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NURS 2061 Pharmacology: In-Class Exercise

Judgement Criteria

Here are some sites that you'll find via the open Internet. We'll be looking at them with several criteria in mind:

1. Evidence of authorial credibility. The author may be an individual or an organization. An individual should have credentials listed, and a Discover search will hopefully yeild scholarly articles by that person. An organization should list information about its purpose and scope, and a quick Google search will usually tell you if the organization is reputable or not.

2. Date of most recent update. The date of the most recent update should be listed on the site. If the information is very dated, do not use it. Check the top and bottom of each page for the time of the most recent update.

3. Source(s) of the information/citations included. The site will almost always, if it is credible and evidence-based, include a list of citations to the research the authors consulted while writing the content. Look for scholarly or evidence-based citations. Try searching the article or book titles in Discover to get more information.

4. Intent of the site. Is the site intended to sell you things, or to inform you? Look out for lots of flashy advertising as your cue, or look to see if the author is selling a product or ideology. Keep in mind that even reputable sites with evidence-based research sometimes have to make enough money to stay in business, so good sites may have ads. Look for a balance of this criteria with the first three.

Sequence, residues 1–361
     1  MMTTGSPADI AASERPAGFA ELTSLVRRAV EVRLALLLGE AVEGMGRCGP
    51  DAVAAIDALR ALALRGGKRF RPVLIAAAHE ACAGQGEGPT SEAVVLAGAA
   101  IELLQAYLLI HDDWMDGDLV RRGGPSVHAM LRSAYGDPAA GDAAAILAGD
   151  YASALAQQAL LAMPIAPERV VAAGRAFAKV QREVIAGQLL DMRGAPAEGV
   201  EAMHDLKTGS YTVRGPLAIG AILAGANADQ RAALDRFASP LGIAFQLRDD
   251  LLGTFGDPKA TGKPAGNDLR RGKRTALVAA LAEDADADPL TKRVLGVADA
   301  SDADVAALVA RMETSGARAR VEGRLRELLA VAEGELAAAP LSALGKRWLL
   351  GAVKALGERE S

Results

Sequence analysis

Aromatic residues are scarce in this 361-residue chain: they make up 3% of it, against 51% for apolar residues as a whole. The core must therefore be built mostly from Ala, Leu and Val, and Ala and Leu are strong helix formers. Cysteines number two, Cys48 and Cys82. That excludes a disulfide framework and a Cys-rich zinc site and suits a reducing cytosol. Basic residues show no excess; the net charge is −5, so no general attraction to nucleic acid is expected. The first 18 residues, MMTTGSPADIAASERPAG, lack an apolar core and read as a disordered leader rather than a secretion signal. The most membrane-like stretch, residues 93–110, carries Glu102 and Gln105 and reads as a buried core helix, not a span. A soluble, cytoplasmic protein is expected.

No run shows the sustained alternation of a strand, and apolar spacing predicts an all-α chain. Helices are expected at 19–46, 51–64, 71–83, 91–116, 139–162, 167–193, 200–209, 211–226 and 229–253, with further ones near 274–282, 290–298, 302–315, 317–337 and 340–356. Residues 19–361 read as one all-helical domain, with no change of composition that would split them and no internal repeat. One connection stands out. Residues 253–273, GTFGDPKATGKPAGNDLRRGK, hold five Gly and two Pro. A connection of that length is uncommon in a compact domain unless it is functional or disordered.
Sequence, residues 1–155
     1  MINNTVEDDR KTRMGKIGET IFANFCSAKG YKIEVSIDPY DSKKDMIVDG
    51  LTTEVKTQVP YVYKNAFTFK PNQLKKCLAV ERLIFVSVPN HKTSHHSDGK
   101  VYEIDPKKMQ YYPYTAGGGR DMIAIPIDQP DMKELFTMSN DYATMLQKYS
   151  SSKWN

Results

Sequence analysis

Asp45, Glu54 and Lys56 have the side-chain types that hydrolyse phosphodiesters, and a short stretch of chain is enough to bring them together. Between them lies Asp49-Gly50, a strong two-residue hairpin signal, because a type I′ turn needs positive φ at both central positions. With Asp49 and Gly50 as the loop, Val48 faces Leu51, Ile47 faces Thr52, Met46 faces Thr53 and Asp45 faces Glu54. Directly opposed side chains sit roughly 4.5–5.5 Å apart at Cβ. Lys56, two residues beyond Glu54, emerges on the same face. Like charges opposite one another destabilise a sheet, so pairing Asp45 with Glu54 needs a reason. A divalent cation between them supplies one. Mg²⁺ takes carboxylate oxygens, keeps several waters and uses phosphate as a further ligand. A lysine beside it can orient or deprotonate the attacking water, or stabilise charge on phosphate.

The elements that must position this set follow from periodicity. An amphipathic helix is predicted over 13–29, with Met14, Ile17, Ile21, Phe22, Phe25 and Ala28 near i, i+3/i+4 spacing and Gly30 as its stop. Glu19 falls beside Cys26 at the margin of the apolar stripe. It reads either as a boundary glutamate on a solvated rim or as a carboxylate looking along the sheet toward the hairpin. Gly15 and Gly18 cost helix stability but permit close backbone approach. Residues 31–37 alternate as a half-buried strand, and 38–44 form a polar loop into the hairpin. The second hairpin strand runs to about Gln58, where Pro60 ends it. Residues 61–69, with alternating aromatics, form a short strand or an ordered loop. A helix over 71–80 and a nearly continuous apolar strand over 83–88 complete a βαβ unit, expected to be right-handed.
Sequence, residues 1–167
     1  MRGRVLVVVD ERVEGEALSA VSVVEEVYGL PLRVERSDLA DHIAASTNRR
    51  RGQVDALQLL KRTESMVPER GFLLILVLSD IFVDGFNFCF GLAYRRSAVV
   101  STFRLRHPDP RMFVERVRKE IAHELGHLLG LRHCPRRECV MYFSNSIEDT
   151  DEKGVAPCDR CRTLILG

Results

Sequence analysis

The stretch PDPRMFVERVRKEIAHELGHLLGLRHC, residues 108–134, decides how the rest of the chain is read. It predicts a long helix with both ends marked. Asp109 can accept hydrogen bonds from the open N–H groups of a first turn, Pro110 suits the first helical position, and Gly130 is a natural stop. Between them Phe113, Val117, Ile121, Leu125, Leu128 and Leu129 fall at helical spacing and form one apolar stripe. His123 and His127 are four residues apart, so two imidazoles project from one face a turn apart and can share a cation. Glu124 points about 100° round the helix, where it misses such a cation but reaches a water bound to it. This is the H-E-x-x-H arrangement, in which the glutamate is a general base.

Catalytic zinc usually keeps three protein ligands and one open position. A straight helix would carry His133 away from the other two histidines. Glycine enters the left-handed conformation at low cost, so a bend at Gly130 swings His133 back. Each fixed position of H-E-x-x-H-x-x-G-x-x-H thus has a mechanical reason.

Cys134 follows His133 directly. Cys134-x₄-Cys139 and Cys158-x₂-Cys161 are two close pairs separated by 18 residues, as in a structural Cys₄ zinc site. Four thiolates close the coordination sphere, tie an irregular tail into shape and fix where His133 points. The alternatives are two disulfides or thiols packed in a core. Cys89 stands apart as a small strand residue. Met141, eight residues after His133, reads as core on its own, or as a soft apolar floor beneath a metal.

Sites for Review

These are all sources that come up in a quick Google search for echinacea. Some are better than others. Which would you used to find evidence-based practice information?

  • Echinacea from the Memorial Sloan-Kettering Cancer Center 
  • Echinacea from the University of Maryland Medical Center

Subject Guide

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Joel Glogowski